During the Selvedge Run fair, we had the pleasure of talking to Momotaro’s Overseas Development Director Katsu Manabe. Due to scheduling conflicts, we weren’t able to meet up with Katsu when visiting Japan last month, so we were particularly happy to see him in Berlin.
Momotaro is a Japanese premium brand that was established in 2005 in Kojima, Okoyama. In this small coastal town, which is considered to be the mecca of Japanese denim, artisans continue to make jeans by hand, as they have been doing for decades. The brand took its name from a popular Japanese children’s story (Momotaro tranlsates as ‘peach boy'; you can read the story here).
The jeans are made from 100% Zimbabwean cotton, which is considered to be one of the best cottons in the world. It provides better durability than hard cotton and is appreciated for its unique fading, similar to vintage denim looks. Experienced craftsmen still dye the Momotaro jeans by hand. The natural indigo penetrates deeply into the fibres, creating a fade-resistent blue. Since all jeans are handmade, the production is limited with only about 10 pairs completed in a day.
Momotaro today has a variety of labels that cater to many price-points: the Copper label, Vintage label, the Battle label and the lesser known Gold Label, made on hand-operated shuttle looms.
A talk with Katsu.
Could you tell us about your first encounters with denim?
I must have been about 15 when I bought my first pair of jeans. It was a 501 replica, sold as a ‘house brand’ by the local shop. Me and my friends really liked combining denim with sneakers and Red Wing boots, but they were too expensive for us. So we took part time jobs to be able to afford the sneakers and jeans we liked. It was around that time my father, who was working in the textile business, took me to his company to show me what he was doing there. I was really surprised to see him making the same fabric I was buying. I think you can say that this was my first turning point.
After high school, I left for Canada to study English and discovered a new culture and lifestyle. I think it was there that I considered a career in the textile industry for the first time. Back home, I started working as a salesman for hand made Indonesian products and I came back to Japan when my father opened a store and appointed me as the store manager. I was only 23 at the time and I suddenly was given the huge responsability of running a store by myself. It was a real challenge but I’m still grateful for the opportunity.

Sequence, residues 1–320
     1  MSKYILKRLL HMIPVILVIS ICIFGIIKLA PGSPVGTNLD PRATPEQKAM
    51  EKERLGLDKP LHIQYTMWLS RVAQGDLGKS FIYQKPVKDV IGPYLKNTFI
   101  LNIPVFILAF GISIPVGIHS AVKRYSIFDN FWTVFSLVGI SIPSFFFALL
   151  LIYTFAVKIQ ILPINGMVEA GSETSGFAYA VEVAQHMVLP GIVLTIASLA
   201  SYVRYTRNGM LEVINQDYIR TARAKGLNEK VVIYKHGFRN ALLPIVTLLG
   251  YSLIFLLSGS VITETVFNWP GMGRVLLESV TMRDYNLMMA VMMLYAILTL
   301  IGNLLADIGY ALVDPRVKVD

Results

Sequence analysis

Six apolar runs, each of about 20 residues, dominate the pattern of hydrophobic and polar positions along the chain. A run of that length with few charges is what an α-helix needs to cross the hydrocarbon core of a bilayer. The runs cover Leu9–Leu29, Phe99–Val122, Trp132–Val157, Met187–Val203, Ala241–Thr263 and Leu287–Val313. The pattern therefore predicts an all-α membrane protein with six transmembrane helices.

Do you wear denim on a daily basis?
I have a lot of them but I don’t wear denim on a daily basis. I try to alternate with chinos and wool pants. We are a textile company, we offer 3000 different materials in our showroom so the possibilities are endless. We have about 500 big brands and 500 smaller brands among our customers.
I am definitely not a denim snob, I also like to wear Uniqlo for example.
So when did you start working at Momotaro?
Momotaro was founded in 2005 as part of the Japan Blue Company and has focused on producing top quality denim ever since. Today, Momotaro still produces the majority of their jeans in the Kojima region. I was part of the company from the early beginnings.
It is disappointing, but we notice that even Japanese people don’t always know where Japanese denim is coming from. But they know Momotaro is connected to Okoyama. We thought that if we can get high-quality denim in their hands, made in Japan, it might raise awareness around Japanese denim. Originally, Momotaro Jeans were meant for the Japanese customer.
How can you prevent craftmanship to go to waste?
Working in a factory is boring because you are doing the same thing everyday. Young people don’t necessarily want that, they want to do new stuff, move to a big city. What we try to do among our workers, is to draw attention to the fact that 26 countries are buying the jeans they are making in the factory in Okoyama. We encourage them to take pride in their work.
We also try to connect around the world. We offer courses in collaboration with the Jeans School in Amsterdam and we work closely with the fashion design school in Okoyama.
How is the brand perceived internationally?
We started out in Europe in 2008 for a niche audience. Only true denim lovers knew about us back then. So we started building up the brand, setting out from Amsterdam and really taking it step by step. We are not a company that is focused on profit first, we want to make sure we produce quality products before selling them. It is not the easiest product to sell either, since the base price for a pair of Momotaro Jeans is 289 euros. And for some customers, that is just way over budget. Our other denim brand, Japan Blue, start at 179 euros and offers the similar quality as a Momotaro original, but with simpler sewing parts and a strong focus on the fabric.
The brand has won high praise abroad, I hear people speak with appreciation for the brand wherever I travel.
The Japan Blue Factory is looking to open a showroom and concept store in Paris in March or April 2016.